JEFFERSON CITY — Ten billion dollars. That figure is in nearly every speech Missouri Secretary of State Robin Carnahan delivers while campaigning for the U.S. Senate.
"We've gotten money back for those investors who were defrauded by big financial institutions — $10 billion," Carnahan said last weekend while speaking to members of an education union in Jefferson City.
"That's like real money for real people — at a time when folks in Washington were asleep at the switch, when they were supposed to be doing this job," Carnahan added.
Carnahan, a Democrat, cites the money recouped by her Securities Division as a prime example of how she can stand up to powerful interests on behalf of regular folks. She then suggests her Republican rival, Rep. Roy Blunt, would do just the opposite.
Blunt hasn't publicly questioned Carnahan's dollar figures. In fact, he seldom refers to her work as secretary of state — an office which Blunt also held a couple of decades ago. Instead, Blunt focuses on how Carnahan would vote in the U.S. Senate — asserting she would be a rubber stamp for President Barack Obama, an assertion she denies.
The Associated Press recently asked Carnahan how she arrives at that $10 billion figure. The secretary of state's office provided spreadsheets detailing about $10.8 billion in restitution to investors over the past five years.
Nearly all of that money came from settlements involving auction rate securities. And nearly all of that came from one case.
In August 2008, the Missouri secretary of state's office was the lead negotiator in a settlement in which Wachovia Securities agreed to repurchase about $9 billion of auction-rate securities from investors who got stuck when the markets collapsed. The settlement involved more than 40,000 investors nationwide.
Auction-rate securities are a form of long-term debt issued by corporations, cities and student loan companies. They have variable interest rates that are reset at weekly or monthly auctions. Investment firms often promoted auction-rate securities as similar to money-market accounts of certificates of deposit, with higher interest rates.
But after the $330 billion auction-rate market collapsed in February 2008, many customers were unable to sell their investments — essentially getting stuck with something for the long-term that they had thought they could cash in virtually any time they wished.
New York Attorney General Andrew Cuomo was involved in several high-profile investigations into the financial companies. The North American Securities Administrators Association also set up a task force on auction-rate securities, and regulators from various states divided up duties.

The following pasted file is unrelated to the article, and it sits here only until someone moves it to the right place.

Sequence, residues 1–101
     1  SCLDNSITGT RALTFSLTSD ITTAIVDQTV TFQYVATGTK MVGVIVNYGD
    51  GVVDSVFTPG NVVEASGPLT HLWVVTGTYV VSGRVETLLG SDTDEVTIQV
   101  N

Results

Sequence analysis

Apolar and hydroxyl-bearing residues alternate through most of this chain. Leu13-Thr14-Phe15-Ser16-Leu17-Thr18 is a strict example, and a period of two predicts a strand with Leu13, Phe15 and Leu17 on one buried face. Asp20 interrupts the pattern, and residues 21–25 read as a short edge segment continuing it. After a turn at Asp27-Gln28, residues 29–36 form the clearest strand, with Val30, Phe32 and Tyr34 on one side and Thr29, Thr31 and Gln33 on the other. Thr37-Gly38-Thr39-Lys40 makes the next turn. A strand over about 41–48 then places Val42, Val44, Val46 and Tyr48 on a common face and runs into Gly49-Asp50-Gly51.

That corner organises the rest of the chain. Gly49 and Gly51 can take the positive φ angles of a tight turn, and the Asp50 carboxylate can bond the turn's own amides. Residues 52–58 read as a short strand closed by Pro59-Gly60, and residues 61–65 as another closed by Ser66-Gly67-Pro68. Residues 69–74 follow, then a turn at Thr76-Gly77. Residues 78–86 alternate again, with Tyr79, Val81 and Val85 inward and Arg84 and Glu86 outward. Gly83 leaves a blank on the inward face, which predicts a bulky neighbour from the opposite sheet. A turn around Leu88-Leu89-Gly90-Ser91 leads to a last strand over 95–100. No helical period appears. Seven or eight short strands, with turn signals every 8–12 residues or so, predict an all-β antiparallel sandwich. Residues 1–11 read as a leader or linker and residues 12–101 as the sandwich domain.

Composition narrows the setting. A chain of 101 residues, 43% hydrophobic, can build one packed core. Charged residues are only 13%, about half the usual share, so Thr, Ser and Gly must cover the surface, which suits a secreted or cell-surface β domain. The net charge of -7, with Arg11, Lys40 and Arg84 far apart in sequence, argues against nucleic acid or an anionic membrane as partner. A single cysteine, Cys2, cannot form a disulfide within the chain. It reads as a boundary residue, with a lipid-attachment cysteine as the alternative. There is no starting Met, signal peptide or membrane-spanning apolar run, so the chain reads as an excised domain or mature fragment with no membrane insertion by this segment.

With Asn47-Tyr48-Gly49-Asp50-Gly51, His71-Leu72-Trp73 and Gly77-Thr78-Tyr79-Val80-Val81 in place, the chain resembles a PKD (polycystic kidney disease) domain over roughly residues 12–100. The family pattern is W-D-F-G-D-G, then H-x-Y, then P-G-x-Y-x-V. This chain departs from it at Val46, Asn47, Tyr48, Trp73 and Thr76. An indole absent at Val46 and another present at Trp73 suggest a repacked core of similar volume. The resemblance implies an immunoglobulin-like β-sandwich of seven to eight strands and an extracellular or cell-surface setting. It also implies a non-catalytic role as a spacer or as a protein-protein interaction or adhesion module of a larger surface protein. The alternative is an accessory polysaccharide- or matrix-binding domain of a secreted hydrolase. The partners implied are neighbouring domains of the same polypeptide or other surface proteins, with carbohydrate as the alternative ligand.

Missouri took the lead on the Wachovia case partly because Wachovia had recently acquired A.G. Edwards, which was based in St. Louis, and because Carnahan's office had received numerous consumer complaints.
Carnahan said she spent many hours negotiating the settlement. After the AP began working on this story, a former Wachovia executive involved in the negotiations called the AP to vouch for Carnahan's personal involvement. Carnahan's office also provided the AP with references.
"She was very actively involved. She was engaged at a very high level," said Benette Zivley, director of the inspections and compliance division for the Texas State Securities Board, which also was involved in the Wachovia negotiations.
Of the $9 billion national Wachovia settlement, Carnahan's office estimates about $788 million went to investors in Missouri.
The $10 billion figure also includes a $545 million national auction-rate securities settlement with Commerce Brokerage Services (about $284 million of which went to Missourians) and a $180 million national settlement with Stifel, Nicolaus and Co., of which about $15 million went to Missouri investors.
Carnahan said she counts the full value of those three national settlements because her office was the lead negotiator.
The $10.8 billion figure also includes the amount of money returned to Missouri investors through a dozen additional nationwide auction-rate securities settlements in which other states took the lead. Carnahan notes that her securities director, Matt Kitzi, is co-chairman of the national task force on auction-rate securities.
Carnahan's figure also includes at least $16 million of restitution for Missourians from cases involving other types of investments.
Carnahan said the $10 billion she cites on the campaign trail is a conservative figure.
"We've been working our tails off to get money back to people," Carnahan said.